Assange bail backers must wait to find out if they lose bail surety

 

High-profile supporters of Julian Assange will have to wait to find out if they will lose £140,000 of surety cash after the Australian sought political asylum.

The Wikileaks founder has been holed up at the Ecuadorian Embassy since June 19, a move which has already lost celebrity backers £200,000 they gave for his bail.

During a half-hour hearing at Westminster Magistrates' Court today, supporters of 41-year-old Assange were told a decision will be made in "a few days".

Vaughan Smith, a friend who put Assange up at his country mansion for more than a year, addressed the court on behalf of the nine who put up £140,000 between them.

He said all those who offered sureties, of varying amounts, are "convinced that they have done and are doing the right thing".

Arguing why they should not lose their money, he told Chief Magistrate Howard Riddle: "We don't see how justice is served by punishing us for having done our best to serve the public interest in this complex and challenging case.

"We submit that the sureties are wholly blameless, that we have worked assiduously to help Mr Assange to meet the requirements of the court.

"We all want Mr Assange to be able to clear his name and have done everything with our diminishing influence to see the current impasse resolved and justice served."

Former Army officer Mr Smith put £20,000 towards the total surety.

The other eight backers are retired professor Tricia David, Nobel Prize-winning scientist Sir John Sulston, journalist Philip Knightley, Lady Caroline Evans, friend Sarah Saunders, Joseph Farrell, Sarah Harrison and Tracy Worcester.

Mr Smith said the group agreed they should not urge Assange to leave the embassy, so they stand more of a chance of keeping their money, because that would make them "mercenary and contemptible individuals".

He told the court: "We never envisaged when we agreed to become sureties that the matter would become a diplomatic argument and it is clear that this needs to be resolved at a governmental level.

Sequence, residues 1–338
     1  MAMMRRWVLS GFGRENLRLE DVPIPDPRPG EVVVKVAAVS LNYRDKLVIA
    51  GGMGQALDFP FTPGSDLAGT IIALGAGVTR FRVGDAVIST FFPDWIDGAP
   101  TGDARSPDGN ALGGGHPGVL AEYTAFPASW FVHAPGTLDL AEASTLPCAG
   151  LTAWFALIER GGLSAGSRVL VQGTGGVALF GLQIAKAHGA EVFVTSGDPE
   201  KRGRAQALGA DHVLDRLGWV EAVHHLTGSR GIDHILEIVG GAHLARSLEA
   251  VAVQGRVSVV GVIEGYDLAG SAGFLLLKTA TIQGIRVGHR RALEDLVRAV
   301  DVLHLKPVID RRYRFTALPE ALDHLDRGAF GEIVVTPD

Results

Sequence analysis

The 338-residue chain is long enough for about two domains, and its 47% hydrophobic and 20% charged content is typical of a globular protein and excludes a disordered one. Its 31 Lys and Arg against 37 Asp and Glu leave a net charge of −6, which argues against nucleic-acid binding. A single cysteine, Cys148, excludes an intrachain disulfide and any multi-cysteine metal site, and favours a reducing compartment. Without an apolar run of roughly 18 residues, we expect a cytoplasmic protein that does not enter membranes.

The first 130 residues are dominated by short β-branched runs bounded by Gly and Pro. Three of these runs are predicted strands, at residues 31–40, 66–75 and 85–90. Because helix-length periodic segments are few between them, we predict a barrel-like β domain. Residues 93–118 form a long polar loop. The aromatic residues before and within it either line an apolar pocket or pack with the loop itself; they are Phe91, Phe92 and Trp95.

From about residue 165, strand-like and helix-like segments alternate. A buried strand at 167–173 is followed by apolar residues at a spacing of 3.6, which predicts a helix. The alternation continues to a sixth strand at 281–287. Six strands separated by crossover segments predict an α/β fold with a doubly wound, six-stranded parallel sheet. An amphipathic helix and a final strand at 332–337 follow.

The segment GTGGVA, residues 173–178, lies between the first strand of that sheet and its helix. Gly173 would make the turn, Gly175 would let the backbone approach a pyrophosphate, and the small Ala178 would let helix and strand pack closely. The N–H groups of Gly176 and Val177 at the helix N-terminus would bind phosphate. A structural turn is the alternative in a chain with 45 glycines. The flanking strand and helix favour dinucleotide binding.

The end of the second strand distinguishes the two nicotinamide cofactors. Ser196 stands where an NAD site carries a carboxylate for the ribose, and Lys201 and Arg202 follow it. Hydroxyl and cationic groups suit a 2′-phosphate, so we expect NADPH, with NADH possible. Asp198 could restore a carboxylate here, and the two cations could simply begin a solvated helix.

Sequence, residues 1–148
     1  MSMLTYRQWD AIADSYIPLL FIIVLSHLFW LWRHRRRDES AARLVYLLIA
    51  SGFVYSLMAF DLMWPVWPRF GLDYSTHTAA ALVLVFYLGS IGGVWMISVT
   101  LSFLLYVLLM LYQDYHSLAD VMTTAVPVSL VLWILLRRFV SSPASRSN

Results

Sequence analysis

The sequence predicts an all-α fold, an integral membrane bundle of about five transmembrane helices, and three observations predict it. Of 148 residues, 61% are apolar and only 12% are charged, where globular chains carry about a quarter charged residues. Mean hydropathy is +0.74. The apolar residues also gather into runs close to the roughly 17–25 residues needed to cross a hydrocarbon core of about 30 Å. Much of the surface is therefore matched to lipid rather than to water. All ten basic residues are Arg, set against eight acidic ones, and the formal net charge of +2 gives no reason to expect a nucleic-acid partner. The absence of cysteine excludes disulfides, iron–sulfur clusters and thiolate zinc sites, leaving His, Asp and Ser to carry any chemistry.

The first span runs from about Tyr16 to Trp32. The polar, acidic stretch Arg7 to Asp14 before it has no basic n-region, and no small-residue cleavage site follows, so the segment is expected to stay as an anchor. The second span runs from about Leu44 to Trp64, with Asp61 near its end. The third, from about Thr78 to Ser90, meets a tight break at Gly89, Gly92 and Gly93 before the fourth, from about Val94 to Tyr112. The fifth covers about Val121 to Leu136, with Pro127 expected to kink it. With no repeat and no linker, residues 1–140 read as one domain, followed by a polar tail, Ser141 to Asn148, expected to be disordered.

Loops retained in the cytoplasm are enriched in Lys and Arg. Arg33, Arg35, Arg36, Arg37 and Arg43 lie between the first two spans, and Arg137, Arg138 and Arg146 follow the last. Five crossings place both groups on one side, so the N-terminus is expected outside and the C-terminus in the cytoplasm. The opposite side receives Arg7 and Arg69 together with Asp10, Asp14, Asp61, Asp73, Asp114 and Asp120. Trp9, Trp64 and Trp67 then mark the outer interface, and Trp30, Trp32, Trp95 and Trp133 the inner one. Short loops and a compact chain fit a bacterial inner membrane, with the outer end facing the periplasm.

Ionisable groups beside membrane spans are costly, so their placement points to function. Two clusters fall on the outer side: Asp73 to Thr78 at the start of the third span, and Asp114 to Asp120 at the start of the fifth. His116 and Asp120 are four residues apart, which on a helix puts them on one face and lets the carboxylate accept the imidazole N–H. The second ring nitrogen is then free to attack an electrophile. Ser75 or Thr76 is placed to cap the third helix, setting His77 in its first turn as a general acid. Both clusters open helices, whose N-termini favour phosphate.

"We request that sureties in this case be treated gracefully, in a manner that reflects the impossible position that we are in.

"In this unique, this quite exceptional case, complying with what this court seems to expect from us - to all publicly urge Mr Assange to abandon the sanctuary that he has found in the Ecuadorian embassy - would see us acting against a man whom we and others judge to have understandable fears about his ultimate treatment in the United States if he abandons his asylum.

"That would render us mercenary and contemptible individuals of great weakness of character. It cannot be the right thing for us to do."

Mr Smith, the founder of the Frontline Club for journalists, said the group had visited Assange at the Ecuadorian embassy, where he told them he feared persecution from the US authorities.

The Australian sought asylum after he lost a legal battle against extradition to Sweden, where he faces allegations of sexual assault, which he denies.

A group of supporters including the celebrities Jemima Khan, John Pilger and Ken Loach have already lost £200,000 after Assange broke his bail conditions by fleeing to the embassy.

Mr Smith added: "Mr Assange expressed concern about the risk of forfeiture that the sureties face, however it was clear from our visit that sureties do not have the power to meaningfully intervene in this matter.

"This has become a matter between the Ecuadorian, British, Swedish, US and Australian governments."

Judge Riddle's decision will be sent to the sureties and the press, without a court hearing taking place.

He said: "I'm not going to give a decision (today), because there's a lot to read, and a fair amount to think about."

PA

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